By Adam Rolf
Nazi teddy bears, a mountainous monster of kerneled shit, and plenty of references to drugs and alcohol, Conker’s Bad Fur Day was enough to give even today’s social activists violent aneurysms of rage.
Not exactly what mom and dad were expecting from a furry, little Nintendo friend, is it? At least, that’s not what my parents had in mind when they bought Conker’s Bad Fur Day as my Christmas gift in 2001 when I was 11.
The game had been out since March and caught quite the controversy. Nintendo Power magazine did not acknowledge the game when it released because it was the exact opposite of the family friendly image Nintendo portrayed. So Conker ads ran in Playboy and Maxim instead.
Lucky for me, that controversy slipped right over my parent’s head. Conker’s Bad Fur Day was one of my favorite games growing up and by far, one of Nintendo’s most raunchiest, mature games ever released.
Imagine if Conker’s Bad Fur Day hit Nintendo today. In fact, there was so much controversy revolving around the game that many believed it was a defining moment for Nintendo’s rating standards.
The game was developed by Rare, a Nintendo-exclusive company at the time. Released at the end of the Nintendo 64’s life cycle, it would be the console’s last M-rated title. It would also be the last M-rated game a Nintendo-exclusive company would develop for a while until N-Space’s Geist released in 2005 for the GameCube.
Since then, no other mature games developed by in-house exclusive studios have ever been released on Nintendo.
Oddly enough, Conker was originally a cutesy family friendly character who debuted as a chipper side character in Diddy Kong Racing in 1997. Later he starred in his own game, Conker’s Pocket Tales, in 1999 on the GameBoy Color.
The E-rated game received middling reviews at the time, but established our furry hero as a family friendly character. And that’s why mothers everywhere threw a shit fit once they realized they’d been duped into giving their kids a game revolving around a sleazy drinking squirrel in a world of immoral, zany characters.
Bad Fur Day actually started as another typical Rare platformer. But at the time, they were developing the game, they were also developing Banjo Kazooie (1998) and they decided it was too similar and would compete with Banjo.
Chris Seaver, the game’s director, decided to switch gears and drew inspiration from South Park and parodied movies like Saving Private Ryan, The Matrix and A Clockwork Orange, according to a 2019 interview with IGN. So the cute little squirrel became the hungover, grizzled smart ass who by today’s standards would likely be met with boycotting revolt.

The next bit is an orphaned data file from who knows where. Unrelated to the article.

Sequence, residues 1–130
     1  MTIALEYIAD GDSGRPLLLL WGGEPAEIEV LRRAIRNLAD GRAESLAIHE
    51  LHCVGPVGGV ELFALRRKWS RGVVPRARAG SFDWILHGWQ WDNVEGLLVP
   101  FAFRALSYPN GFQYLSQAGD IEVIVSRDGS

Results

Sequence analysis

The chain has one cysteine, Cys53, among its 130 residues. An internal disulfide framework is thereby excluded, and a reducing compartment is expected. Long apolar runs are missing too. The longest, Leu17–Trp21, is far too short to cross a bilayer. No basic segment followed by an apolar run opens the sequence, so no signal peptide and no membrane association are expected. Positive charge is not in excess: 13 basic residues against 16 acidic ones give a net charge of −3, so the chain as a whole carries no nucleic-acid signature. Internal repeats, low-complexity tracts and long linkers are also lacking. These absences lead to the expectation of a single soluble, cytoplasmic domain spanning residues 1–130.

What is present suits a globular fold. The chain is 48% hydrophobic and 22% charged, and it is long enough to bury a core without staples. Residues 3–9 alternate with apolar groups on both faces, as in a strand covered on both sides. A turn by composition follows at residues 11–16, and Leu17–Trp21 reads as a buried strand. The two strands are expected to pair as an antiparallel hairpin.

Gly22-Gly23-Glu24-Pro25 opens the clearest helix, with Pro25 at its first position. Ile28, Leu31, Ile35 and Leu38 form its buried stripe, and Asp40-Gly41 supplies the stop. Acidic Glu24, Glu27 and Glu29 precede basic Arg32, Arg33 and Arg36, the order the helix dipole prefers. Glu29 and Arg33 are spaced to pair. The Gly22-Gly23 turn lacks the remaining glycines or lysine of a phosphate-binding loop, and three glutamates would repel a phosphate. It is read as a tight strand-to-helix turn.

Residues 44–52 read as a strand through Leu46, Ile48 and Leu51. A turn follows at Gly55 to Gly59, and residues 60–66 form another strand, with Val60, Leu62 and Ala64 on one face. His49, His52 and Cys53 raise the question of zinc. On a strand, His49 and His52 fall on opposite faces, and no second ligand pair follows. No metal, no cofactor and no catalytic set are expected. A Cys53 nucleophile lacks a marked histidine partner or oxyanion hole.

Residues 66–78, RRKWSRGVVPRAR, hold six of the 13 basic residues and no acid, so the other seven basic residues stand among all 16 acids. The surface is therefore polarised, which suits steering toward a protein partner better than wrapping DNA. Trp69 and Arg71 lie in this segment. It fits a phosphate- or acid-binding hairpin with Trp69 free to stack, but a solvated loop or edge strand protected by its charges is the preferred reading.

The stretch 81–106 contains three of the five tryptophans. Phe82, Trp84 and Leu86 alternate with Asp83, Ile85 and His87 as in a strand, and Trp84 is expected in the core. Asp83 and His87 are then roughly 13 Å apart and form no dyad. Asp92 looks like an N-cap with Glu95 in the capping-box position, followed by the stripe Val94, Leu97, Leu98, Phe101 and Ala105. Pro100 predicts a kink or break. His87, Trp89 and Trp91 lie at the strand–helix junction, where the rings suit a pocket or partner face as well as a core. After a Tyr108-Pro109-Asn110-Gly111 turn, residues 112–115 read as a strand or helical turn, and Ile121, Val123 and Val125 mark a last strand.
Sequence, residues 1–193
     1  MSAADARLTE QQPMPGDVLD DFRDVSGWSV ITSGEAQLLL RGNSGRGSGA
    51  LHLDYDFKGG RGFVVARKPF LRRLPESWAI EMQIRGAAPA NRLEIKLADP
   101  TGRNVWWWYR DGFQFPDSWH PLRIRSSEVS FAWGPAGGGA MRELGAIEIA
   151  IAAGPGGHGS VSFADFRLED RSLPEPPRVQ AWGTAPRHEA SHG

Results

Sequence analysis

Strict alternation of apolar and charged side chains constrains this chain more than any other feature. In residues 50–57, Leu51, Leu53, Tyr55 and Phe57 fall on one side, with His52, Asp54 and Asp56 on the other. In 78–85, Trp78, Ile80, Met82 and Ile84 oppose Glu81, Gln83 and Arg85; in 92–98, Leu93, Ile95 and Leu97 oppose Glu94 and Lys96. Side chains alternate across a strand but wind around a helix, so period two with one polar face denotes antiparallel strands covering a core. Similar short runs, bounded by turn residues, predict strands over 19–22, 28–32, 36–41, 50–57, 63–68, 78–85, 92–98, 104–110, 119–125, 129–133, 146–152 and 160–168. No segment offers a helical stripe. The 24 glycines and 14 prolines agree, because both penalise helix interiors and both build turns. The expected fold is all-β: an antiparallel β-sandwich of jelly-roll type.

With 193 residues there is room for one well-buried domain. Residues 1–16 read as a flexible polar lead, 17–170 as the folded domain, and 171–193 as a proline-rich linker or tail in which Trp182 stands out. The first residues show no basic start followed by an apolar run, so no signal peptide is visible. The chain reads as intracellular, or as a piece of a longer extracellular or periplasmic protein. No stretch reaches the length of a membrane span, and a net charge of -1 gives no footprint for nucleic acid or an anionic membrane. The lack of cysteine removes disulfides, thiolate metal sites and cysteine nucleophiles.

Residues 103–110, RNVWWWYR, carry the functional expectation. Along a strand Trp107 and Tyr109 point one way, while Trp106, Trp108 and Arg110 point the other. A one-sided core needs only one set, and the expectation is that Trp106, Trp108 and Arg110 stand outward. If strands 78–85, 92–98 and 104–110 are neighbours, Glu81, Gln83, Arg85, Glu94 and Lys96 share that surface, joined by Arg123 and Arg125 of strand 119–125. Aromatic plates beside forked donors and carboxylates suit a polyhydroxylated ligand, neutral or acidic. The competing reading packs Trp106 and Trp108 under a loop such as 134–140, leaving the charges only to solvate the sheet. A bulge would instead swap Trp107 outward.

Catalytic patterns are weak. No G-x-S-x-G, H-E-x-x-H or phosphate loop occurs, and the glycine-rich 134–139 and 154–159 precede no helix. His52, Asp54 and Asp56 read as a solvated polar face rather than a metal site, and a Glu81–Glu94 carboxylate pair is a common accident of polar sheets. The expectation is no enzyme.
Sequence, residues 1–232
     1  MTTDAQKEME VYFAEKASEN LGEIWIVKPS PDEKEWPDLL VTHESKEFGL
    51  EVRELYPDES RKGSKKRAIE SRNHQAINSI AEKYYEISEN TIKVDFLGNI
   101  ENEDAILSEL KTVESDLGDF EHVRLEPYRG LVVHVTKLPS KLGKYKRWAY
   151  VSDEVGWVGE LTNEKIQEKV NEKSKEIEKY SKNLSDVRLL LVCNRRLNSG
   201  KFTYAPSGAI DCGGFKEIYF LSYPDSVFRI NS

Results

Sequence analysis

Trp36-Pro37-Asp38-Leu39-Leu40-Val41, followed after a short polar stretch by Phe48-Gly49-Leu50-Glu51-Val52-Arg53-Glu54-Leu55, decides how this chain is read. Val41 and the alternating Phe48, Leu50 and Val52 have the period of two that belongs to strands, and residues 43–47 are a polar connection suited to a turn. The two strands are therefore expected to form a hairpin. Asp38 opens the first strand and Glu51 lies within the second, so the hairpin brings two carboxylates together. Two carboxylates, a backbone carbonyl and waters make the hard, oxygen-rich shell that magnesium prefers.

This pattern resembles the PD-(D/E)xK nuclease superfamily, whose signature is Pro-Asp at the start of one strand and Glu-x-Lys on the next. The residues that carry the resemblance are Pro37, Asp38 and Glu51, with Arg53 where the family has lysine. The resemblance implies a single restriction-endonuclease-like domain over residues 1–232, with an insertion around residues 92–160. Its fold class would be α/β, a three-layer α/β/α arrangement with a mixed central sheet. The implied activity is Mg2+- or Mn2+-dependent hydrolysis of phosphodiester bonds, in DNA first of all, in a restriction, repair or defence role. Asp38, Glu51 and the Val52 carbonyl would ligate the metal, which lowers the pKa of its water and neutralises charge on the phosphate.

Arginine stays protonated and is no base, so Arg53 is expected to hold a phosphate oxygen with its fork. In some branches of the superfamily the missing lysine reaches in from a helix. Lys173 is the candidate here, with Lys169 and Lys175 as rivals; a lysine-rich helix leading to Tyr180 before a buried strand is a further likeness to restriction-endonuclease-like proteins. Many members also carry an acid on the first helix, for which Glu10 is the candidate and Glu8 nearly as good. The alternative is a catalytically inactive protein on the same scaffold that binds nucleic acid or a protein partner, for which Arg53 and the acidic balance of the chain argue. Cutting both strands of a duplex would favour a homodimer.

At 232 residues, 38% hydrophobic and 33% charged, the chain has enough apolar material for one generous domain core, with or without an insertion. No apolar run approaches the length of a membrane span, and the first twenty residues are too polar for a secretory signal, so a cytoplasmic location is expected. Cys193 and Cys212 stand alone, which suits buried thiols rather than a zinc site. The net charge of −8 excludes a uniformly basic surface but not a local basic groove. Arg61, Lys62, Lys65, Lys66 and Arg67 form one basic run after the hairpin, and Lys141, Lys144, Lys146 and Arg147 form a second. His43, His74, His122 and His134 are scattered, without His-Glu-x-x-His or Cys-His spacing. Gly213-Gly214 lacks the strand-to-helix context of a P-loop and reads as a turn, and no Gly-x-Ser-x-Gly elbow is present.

I mean was the game really that bad for kids? The story entails a poor furry fella who just wanted to get home to his girlfriend after a heavy night of drinking with the boys. It’s not like he asked for the tyrannical King Panther and his maniacal weazel scientist, Professor Von Kriplespac, to ruin his life in a land of dung-flinging and binge-drinking.
*Remembers the saving Private Ryan D-Day parody level* Okay maybe Conker’s Bad Fur Day should have emphasized the M-rating a wee bit more – then again, why ruin the surprise?
The game itself is relatively simple yet highly entertaining. It received raving reviews and in terms of N64’s graphical potential, the best game to ever hit the N64. Yet despite receiving a metascore of 92, Conker’s Bad Fur Day had relatively low sales, mainly due to limited advertising and late platform entry, which is why this iconic classic slipped under the radar of so many gamers.
After release, Rare began working on a sequel, Conker’s Other Bad Fur Day. However, in 2002 Rare was purchased by Microsoft and was never given the greenlight for a sequel. Rare cancelled the project, but from what we know, it sounded like it would have been epic.
Nonetheless, the people wanted more Conker and Rare answered. The game, like all great classics, was remastered for Xbox in 2005 as Conker: Live and Reloaded. Unfortunately, Microsoft censored most of swearing, replacing them with bleeps.
But the new multiplayer in Conker: Live and Reloaded was awesome. As a player you were divided into two teams – Squirrel High Command or Tediz. From there players got to choose their soldier’s specialty class. The classes followed a rock paper scissors theme – being amazing against some classes, situationally good against one class, and terrible against others.
Multiplayer offered a myriad of modes to keep you coming back with the two most popular being Capture the flag and Standard DeathMatch. Unfortunately, Xbox Live no longer supports multiplayer mode (RIP).
Up until this point, Rare was known for light-hearted games like Banjo, Donkey Kong Country 64 and Diddy Kong Racing. But they certainly showed us they can get down and dirty with one game that’s too clever, too lewd, too disgusting, and yet too damn funny to ever be forgotten – Conker’s Bad Fur Day.